Do you need to do clickstream analysis? Use this free tool to visualize clickstream data. Perform customer journey analysis and find the “happy path”.
When tasked to help the UX team find where people were falling out of the “funnel”, I devised a way to build an analysis pipeline and while I was at it, visualize the clickstream data.
Preparing the clickstream data
Using Adobe Analytics as the raw data source, I processed the data using Python/pandas and identified the paths being taken through the web site as well as the frequency of those paths.
To simplify the data for presentation, I removed (but logged) when users backtracked and revisited a page that they had already visited. The user’s journey was actually like this:
home > products > product 1 > home > products > product 2
However, I output their path as:
home > products > product 1 | products > product 2
While I could shorten this by truncating all the pages that they had already visited, I use the pipe symbol so that I don’t lose the data on where the user is coming from when they start visiting new pages again. Additionally, the pipe stands out to indicate that the page before the pipe caused the user to backtrack, which could indicate an issue.
I also removed single-page visits (bounces) but logged them.
Finally, I output several lists:
- Page name where the user “bounced” and frequency of bounces from that page.
- Page name where the user backtracked and frequency of changes in direction from that page.
- Page name where the user exited and frequency of exits from that page.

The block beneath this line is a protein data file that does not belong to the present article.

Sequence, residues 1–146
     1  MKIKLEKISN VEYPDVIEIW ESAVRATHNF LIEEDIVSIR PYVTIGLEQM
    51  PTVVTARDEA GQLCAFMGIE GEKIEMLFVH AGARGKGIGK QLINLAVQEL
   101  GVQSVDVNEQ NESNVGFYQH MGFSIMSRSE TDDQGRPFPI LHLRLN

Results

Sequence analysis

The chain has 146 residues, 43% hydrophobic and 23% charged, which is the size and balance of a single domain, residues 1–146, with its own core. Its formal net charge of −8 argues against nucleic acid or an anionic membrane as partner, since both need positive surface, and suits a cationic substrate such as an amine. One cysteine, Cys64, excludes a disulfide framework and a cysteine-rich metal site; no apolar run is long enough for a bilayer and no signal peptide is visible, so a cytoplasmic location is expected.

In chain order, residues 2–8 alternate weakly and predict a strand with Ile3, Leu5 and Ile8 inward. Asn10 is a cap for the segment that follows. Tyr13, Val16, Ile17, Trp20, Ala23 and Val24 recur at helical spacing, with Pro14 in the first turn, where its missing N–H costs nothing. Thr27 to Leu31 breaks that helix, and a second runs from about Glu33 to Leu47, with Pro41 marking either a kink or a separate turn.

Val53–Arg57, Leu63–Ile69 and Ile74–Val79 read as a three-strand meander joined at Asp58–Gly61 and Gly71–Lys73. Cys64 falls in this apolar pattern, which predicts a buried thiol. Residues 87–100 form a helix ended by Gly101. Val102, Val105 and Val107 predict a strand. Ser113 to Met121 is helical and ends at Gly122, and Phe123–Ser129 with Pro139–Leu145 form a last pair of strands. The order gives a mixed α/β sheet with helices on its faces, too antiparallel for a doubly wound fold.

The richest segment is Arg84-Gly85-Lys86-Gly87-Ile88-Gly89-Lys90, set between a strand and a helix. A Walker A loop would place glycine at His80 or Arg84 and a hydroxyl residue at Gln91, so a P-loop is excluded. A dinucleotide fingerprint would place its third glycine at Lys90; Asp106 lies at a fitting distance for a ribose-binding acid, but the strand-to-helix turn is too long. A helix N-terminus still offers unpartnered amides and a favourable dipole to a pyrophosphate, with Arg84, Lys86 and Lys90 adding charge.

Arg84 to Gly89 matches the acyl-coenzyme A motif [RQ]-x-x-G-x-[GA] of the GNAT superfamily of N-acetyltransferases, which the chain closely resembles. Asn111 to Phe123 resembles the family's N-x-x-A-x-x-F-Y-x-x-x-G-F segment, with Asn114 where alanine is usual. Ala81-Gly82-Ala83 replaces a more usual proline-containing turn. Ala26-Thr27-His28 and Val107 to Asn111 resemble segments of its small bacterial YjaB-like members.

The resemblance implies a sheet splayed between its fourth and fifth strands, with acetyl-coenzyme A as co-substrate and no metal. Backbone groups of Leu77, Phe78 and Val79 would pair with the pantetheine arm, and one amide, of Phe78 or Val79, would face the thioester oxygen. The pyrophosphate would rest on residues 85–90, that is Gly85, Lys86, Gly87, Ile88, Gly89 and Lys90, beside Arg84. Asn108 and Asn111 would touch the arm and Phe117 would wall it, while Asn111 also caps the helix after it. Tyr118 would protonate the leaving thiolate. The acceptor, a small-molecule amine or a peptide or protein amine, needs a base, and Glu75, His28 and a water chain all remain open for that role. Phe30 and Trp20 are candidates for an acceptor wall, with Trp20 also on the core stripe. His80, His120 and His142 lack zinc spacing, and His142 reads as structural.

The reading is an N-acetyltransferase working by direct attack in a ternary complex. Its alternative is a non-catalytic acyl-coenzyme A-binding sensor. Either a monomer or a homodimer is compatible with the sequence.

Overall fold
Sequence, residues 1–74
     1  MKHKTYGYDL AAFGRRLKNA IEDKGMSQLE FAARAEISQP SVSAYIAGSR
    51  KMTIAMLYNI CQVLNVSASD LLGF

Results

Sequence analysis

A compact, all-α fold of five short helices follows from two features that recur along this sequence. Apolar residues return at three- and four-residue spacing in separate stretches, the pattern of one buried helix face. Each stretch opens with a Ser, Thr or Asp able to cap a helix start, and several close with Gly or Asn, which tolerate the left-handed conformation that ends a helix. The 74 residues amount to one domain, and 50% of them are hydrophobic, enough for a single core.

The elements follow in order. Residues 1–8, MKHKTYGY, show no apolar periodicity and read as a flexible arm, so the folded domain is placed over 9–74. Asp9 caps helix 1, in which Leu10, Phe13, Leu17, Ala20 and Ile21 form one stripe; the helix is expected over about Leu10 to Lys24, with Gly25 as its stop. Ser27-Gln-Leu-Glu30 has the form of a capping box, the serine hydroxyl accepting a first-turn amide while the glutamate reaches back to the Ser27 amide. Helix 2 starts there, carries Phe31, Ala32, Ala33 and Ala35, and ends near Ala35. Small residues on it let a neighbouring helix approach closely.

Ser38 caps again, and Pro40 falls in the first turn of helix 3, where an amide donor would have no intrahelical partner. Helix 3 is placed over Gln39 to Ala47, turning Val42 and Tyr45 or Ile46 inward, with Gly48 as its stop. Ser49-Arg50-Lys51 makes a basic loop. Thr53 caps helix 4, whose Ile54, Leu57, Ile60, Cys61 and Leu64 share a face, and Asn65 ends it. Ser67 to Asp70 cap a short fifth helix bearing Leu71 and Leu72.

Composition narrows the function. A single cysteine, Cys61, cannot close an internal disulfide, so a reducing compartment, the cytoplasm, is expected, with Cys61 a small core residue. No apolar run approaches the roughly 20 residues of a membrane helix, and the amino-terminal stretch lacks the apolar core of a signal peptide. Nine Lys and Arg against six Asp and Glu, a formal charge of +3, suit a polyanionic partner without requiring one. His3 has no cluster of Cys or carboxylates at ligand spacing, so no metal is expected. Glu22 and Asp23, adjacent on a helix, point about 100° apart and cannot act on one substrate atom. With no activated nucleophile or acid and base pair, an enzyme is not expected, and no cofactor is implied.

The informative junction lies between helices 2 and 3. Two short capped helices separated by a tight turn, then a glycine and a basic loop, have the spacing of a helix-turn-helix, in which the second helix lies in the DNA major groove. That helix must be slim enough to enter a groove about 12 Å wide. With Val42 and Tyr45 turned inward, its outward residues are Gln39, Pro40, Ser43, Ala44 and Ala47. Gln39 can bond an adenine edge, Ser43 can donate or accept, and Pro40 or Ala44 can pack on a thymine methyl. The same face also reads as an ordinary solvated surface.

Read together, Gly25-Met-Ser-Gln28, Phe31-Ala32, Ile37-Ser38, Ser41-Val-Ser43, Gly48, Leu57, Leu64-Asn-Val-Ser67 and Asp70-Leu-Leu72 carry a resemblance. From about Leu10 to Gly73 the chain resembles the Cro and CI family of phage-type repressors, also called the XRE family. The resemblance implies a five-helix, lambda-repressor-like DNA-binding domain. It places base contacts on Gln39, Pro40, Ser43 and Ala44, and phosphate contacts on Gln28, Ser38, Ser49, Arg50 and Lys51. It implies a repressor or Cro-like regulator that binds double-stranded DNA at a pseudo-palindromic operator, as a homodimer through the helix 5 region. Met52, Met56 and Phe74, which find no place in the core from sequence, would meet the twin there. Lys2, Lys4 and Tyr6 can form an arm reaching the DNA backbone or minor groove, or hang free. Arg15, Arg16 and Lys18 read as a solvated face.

I added metadata to these, including the platform.
mobile, home > products > product 1 | products > product 2, 70
You can see an example of the results file here.
Here’s what the clickstream file looks like when analyzed in an Excel PivotTable:
The excel formula to populate the “entrypage” column in Excel from the “clickstream” column:
If anyone is interested in the Python/pandas script, please let me know and I can share it.
Visualizing the clickstream data
If you’re not familiar with Dagre, it’s the best graphing library for complex graphs with circular links between nodes. It’s freely available under the MIT license.
The general skeleton for Dagre comes from Gansner, et al., “A Technique for Drawing Directed Graphs”, which gives both an excellent high level overview of the phases involved in layered drawing as well as diving into the details and problems of each of the phases. Besides the basic skeleton, we specifically used the technique described in the paper to produce an acyclic graph, and we use the network simplex algorithm for ranking. If there is one paper to start with when learning about layered graph drawing, this is it!
For crossing minimization we used Jünger and Mutzel, “2-Layer Straightline Crossing Minimization”, which provides a comparison of the performance of various heuristics and exact algorithms for crossing minimization.
For counting the number of edge crossings between two layers we use the
O(|E| log |V_small|) algorithm described in Barth, et al., “Simple and Efficient Bilayer Cross Counting”.
For positioning (or coordinate assignment), we derived our algorithm from Brandes and Köpf, “Fast and Simple Horizontal Coordinate Assignment”. We made some adjustments to get tighter graphs when node and edges sizes vary greatly.
The implementation for clustering derives extensively from Sander, “Layout of Compound Directed Graphs.” It is an excellent paper that details the impact of clustering on all phases of layout and also covers many of the associated problems. Crossing reduction with clustered graphs derives from two papers by Michael Forster, “Applying Crossing Reduction Strategies to Layered Compound Graphs” and “A Fast and Simple Heuristic for Constrained Two-Level Crossing Reduction.”
I hope you’ll enjoy using this free tool to visualize clickstream data, map your customer journey, and find the “happy path”. Please let me know if you have any questions. Thanks!